Led by its two poker-playing veterans, Microsoft is making a huge bet on Office 2007. Whether they win or lose depends on how customers respond to the massive changes in this version. I've put together a detailed look at the new Office and posed 10 questions that will tell whether Office is a big winner or a bust.
The Ed Bott Report
Get outspoken insights and expert advice on the products and companies that define today's tech landscape, from a source who knows these technologies inside and out.
Ed Bott is an award-winning technology writer with more than two decades' experience writing for mainstream media outlets and online publications. He has served as editor of the U.S. edition of PC Computing and managing editor of PC World; both publications had monthly paid circulation in excess of 1 million during his tenure. He is the author of more than 25 books on Microsoft Windows and Office, including Windows 7 Inside Out (2009) and Office 2013 Inside Out (2013).
Office 2007 Beta 2 has been out for nearly two weeks now, and the radically revised new interface is getting mixed reviews. Are you using Office Beta 2? What do you think so far?
Windows XP Media Center Edition 2005 is the best version of Windows Microsoft has ever released. That's why I’m holding my breath when I look at the big upgrade to Media Center that’s due at the end of this year in the Home Premium and Ultimate editions of Windows Vista. Will Microsoft ruin a good thing? Will its revamped interface just add unnecessary flash and bog down performance? See for yourself in this exclusive image gallery and review of Vista Media Center Beta 2.
You can’t be too rich or too thin, or have a network that’s too fast. I struggled over the weekend trying to tweak the performance of an Xbox 360 connected to a PC running the new Media Center software in Windows Vista. The experience was amazing and frustrating at the same time. Is there a hardware fix waiting in the wings?
Premium editions of Windows Vista include a full-featured Backup program that allows you to create an image-based backup of a full drive rather than copying one file at a time. In Vista Beta 2, the new image backup feature has a name: CompletePC Backup. Yesterday, after deliberately making a thorough mess of a new Vista installation, I put it to the test. How did it work? See for yourself.
In the comments to posts I’ve written over the past few weeks, one question comes up again and again: What’s really in Windows Vista? Why should I care? To help answer those questions, I’ve put together a gallery of 30 screen shots digging deep into Vista Beta 2.
When you run the new Windows Vista Upgrade Advisor, you'll find that Vista won't install unless you have 15GB of disk space free. Is this the most bloated OS upgrade ever? Nope. The actual installation uses much less space. Here's why.
A list of rumored "final retail prices" for Windows Vista is bouncing around the Internet like a SuperBall. Don't believe it.
Microsoft's security group says a program should never update or reinstall itself without notifying you and receiving your explicit consent. That sort of behavior is one of the warning signs of a spyware program. So why is the new MTV Urge service allowed to break these rules?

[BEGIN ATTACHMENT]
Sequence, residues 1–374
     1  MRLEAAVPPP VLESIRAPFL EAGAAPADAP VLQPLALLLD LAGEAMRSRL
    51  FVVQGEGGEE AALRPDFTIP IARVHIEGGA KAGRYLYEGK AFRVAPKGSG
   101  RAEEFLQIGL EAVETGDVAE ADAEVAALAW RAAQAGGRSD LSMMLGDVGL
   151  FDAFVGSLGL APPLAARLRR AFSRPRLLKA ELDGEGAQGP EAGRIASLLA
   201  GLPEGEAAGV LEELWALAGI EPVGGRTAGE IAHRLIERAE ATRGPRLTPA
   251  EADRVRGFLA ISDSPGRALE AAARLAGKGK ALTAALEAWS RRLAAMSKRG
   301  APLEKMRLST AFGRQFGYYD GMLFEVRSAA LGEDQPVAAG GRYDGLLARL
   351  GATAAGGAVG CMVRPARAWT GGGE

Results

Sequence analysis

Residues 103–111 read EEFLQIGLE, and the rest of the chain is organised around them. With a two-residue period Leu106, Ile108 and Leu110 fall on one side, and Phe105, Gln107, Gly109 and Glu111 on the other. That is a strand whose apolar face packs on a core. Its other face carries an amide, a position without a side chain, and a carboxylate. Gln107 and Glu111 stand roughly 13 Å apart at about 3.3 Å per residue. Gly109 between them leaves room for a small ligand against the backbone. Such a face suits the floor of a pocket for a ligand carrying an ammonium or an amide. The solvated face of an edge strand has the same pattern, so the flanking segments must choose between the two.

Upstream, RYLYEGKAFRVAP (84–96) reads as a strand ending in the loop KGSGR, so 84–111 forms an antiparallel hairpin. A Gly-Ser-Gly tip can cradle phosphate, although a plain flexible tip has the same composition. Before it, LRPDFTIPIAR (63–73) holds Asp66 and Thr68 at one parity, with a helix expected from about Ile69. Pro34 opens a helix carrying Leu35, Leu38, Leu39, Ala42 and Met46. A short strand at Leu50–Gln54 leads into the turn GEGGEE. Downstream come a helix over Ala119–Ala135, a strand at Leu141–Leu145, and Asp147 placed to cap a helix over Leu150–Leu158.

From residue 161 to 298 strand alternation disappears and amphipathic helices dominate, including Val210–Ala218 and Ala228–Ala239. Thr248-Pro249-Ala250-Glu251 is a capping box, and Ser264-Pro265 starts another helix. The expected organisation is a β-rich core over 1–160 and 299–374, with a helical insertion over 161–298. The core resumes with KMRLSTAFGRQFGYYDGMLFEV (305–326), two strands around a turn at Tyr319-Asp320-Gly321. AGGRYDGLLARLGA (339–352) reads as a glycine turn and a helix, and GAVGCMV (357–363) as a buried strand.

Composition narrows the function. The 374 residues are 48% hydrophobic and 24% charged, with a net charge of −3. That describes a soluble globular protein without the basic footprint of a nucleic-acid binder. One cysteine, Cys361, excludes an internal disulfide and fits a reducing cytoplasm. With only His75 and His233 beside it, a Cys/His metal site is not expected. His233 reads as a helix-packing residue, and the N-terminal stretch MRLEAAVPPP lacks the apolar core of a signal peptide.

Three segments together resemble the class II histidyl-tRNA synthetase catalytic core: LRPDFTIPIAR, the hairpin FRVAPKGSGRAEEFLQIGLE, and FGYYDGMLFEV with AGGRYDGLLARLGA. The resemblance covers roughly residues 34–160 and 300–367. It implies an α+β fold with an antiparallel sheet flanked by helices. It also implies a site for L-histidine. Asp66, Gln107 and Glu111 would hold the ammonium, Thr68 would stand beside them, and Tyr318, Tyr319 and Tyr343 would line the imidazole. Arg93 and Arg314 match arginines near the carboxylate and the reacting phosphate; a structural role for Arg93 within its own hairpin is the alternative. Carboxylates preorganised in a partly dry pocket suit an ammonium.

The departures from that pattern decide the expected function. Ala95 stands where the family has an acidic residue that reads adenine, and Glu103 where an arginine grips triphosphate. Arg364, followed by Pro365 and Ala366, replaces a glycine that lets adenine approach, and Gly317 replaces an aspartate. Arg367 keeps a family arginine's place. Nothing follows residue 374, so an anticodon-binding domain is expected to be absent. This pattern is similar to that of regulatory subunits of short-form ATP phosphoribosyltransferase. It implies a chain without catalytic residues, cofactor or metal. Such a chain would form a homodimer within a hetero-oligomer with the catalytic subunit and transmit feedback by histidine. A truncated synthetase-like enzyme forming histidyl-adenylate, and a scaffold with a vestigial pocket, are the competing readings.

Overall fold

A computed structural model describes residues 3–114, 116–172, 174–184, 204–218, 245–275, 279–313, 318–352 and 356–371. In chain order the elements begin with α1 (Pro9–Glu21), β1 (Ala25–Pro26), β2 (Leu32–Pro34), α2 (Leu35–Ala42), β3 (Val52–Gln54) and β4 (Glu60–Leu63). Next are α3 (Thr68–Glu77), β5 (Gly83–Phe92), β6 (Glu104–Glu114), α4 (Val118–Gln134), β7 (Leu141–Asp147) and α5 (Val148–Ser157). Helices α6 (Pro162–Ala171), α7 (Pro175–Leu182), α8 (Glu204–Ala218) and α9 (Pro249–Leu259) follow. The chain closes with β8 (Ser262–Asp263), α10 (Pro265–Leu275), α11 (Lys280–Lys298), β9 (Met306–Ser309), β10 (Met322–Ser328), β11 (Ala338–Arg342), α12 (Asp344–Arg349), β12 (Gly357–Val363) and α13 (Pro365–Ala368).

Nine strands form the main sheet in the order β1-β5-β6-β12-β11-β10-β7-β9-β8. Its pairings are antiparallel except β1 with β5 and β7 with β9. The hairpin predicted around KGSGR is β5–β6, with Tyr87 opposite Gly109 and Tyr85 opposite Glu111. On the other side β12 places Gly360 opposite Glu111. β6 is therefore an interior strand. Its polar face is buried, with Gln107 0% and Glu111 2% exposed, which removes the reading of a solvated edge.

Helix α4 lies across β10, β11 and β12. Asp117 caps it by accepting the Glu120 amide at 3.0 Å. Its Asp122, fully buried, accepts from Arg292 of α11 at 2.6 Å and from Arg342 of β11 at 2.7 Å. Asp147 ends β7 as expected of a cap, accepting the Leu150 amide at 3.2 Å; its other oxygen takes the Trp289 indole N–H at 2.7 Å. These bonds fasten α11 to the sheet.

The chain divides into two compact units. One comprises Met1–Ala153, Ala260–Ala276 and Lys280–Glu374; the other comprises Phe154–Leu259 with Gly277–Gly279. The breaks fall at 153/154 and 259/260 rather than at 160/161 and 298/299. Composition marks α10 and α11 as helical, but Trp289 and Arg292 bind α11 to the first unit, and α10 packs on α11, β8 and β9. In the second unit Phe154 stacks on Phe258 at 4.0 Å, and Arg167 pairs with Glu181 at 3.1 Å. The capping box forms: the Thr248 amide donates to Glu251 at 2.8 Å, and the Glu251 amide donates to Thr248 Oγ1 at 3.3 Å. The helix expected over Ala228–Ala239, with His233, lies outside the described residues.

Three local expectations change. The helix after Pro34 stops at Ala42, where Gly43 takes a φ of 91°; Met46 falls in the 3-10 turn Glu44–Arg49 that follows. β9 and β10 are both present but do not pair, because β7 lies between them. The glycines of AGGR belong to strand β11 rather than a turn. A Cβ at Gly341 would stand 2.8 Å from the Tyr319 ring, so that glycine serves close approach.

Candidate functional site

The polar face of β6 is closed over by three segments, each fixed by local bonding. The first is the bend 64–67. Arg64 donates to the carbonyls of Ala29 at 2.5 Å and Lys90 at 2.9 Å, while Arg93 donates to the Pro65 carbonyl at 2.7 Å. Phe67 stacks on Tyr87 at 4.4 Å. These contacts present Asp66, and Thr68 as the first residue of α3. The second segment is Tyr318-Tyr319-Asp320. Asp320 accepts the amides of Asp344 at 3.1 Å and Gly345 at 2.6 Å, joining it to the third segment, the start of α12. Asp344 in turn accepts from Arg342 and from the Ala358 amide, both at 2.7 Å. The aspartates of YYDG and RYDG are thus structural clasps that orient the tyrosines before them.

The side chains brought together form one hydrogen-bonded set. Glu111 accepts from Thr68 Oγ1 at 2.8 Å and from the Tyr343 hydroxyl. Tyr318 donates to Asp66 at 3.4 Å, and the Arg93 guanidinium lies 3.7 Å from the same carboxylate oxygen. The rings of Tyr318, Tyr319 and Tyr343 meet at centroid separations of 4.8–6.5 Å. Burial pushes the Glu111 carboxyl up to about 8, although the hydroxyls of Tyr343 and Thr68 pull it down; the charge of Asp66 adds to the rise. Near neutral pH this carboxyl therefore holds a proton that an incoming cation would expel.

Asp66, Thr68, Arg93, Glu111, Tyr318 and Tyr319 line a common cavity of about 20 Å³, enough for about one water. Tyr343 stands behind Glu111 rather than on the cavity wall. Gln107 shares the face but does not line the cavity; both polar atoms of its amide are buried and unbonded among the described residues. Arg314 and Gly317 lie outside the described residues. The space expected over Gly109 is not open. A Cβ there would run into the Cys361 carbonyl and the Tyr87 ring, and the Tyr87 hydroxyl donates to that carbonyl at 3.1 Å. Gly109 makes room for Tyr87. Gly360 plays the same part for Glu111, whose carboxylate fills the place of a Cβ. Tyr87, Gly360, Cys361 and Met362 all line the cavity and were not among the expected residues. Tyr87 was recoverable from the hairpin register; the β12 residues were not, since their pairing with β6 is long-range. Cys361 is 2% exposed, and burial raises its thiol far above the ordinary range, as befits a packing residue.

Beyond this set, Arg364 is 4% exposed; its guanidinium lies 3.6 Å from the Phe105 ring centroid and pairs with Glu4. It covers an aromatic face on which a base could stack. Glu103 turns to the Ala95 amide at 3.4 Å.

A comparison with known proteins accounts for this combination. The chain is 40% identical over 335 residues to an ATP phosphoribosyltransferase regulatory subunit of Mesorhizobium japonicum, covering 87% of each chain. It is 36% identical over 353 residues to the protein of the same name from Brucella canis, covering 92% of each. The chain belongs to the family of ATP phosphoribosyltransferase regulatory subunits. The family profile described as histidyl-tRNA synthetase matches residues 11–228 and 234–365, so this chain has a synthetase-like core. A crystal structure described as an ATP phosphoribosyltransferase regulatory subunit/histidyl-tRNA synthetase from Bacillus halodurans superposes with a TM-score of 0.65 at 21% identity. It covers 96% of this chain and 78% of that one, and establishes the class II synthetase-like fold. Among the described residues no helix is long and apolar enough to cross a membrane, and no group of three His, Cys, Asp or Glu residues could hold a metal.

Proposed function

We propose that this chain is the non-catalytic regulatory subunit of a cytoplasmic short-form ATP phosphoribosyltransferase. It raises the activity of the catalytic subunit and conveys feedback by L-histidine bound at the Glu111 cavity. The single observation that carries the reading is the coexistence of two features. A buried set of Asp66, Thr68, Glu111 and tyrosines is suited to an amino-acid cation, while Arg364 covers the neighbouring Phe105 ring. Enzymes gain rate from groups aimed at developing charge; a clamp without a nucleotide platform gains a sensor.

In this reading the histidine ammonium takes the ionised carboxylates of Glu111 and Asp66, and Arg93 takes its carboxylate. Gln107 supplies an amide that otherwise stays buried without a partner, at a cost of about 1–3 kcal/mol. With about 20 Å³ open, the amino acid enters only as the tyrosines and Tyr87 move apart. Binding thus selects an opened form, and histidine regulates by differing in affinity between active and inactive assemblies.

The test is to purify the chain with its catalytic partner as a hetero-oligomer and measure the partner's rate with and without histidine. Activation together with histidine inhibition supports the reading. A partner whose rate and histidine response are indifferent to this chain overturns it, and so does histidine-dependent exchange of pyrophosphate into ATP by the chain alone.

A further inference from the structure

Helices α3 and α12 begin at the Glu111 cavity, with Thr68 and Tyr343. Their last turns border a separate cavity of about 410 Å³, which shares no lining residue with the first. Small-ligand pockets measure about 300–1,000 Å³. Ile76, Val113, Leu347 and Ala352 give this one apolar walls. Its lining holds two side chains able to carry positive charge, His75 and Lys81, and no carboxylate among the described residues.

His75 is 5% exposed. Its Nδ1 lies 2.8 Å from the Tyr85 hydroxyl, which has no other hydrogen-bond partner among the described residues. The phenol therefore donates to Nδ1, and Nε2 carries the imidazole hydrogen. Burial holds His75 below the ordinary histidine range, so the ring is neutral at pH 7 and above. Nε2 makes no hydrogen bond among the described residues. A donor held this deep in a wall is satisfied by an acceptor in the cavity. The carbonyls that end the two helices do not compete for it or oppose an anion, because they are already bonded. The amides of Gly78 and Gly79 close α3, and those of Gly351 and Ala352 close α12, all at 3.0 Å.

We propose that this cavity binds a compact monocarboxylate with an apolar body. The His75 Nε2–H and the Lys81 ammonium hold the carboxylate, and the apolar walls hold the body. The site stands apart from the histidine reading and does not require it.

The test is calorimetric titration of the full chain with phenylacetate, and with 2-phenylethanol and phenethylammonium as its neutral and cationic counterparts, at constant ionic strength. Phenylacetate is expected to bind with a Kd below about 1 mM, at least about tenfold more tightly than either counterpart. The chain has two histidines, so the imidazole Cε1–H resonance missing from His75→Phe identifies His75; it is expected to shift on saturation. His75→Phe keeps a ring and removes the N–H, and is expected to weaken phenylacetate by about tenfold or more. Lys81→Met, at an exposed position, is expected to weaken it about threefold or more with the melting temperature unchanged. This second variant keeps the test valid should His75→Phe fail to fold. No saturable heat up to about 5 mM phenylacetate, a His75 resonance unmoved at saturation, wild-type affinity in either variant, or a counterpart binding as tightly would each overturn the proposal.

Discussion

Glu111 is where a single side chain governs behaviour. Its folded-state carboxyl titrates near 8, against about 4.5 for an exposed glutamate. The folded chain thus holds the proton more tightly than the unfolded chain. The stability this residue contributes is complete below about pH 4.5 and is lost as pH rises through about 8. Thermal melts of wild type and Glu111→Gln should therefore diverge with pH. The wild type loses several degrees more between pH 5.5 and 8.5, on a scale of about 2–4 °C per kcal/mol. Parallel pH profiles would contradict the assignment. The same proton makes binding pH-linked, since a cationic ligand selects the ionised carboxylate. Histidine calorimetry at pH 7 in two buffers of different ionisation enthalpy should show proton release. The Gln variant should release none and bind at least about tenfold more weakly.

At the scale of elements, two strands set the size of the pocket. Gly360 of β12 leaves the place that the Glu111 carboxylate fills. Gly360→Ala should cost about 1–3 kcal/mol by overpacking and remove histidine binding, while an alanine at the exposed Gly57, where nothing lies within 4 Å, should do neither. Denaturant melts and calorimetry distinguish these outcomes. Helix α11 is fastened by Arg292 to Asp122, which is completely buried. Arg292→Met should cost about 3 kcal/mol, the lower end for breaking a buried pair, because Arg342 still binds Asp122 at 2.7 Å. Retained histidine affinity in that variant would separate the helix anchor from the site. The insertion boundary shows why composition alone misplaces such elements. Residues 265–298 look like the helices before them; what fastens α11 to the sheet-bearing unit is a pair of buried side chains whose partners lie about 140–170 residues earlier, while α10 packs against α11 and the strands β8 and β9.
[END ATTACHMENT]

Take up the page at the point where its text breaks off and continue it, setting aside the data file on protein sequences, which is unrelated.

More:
The new MTV/Microsoft music service, Urge, is getting rave reviews. It all sounds great, until you take a closer look at the license agreement. Here's why I won't be signing up.
One of the most common comments I see whenever I write about the Windows Vista schedule is some variation on the following theme: Microsoft “gutted
In about two weeks, Beta 2 of Windows Vista will be officially released to the public. And when it does, Microsoft will officially enter uncharted territory. I expect that Beta 2 will be reviewed as if it were a finished product. Those reviews will hit within days of its release, and they will be publicized more widely than any official Windows release ever. If you're a Microsoft product manager, it's time to stock up on antacids.
For years, Windows users have been allowed to essentially ignore the responsibilities of security while having to deal with the consequences of insecurity. Windows Vista is about to introduce User Account Control - a sweeping change to the Windows security model that really works. Unfortunately, this feature risks being torpedoed by a user community that can't handle change. UAC can work, especially if Microsoft can make a few small changes before the final release of Windows Vista.
User Account Control is a controversial new feature in Windows Vista. But as many beta testers have discovered, UAC prompts can also show up when you perform seemingly innocent file operations on drives formatted using NTFS. Why do these prompts appear? And why do some so-called Windows experts miss the obvious reason (and the obvious fix)?
Gartner is at it again, with a report that predicts Microsoft will miss its end-of-year ship date for Windows Vista. The teaser copy reads: Microsoft's track record is clear; it consistently misses target dates for major operating system releases.
The best of ZDNet, delivered
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- 4 Lost your Windows discs? How to get replacement media, legally
- 5 Can a Surface Pro 3 with docking station replace your desktop PC?